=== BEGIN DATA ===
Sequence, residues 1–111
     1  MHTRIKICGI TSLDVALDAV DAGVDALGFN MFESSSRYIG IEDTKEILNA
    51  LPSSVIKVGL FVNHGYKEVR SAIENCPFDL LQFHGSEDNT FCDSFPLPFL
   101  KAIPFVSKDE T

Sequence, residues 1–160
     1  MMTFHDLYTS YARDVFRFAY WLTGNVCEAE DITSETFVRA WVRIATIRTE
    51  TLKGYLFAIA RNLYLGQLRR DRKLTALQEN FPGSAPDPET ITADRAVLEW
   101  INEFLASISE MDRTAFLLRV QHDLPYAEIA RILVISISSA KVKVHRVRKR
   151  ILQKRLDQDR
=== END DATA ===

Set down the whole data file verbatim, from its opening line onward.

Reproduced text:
Sequence, residues 1–111
     1  MHTRIKICGI TSLDVALDAV DAGVDALGFN MFESSSRYIG IEDTKEILNA
    51  LPSSVIKVGL FVNHGYKEVR SAIENCPFDL LQFHGSEDNT FCDSFPLPFL
   101  KAIPFVSKDE T

Sequence, residues 1–160
     1  MMTFHDLYTS YARDVFRFAY WLTGNVCEAE DITSETFVRA WVRIATIRTE
    51  TLKGYLFAIA RNLYLGQLRR DRKLTALQEN FPGSAPDPET ITADRAVLEW
   101  INEFLASISE MDRTAFLLRV QHDLPYAEIA RILVISISSA KVKVHRVRKR
   151  ILQKRLDQDR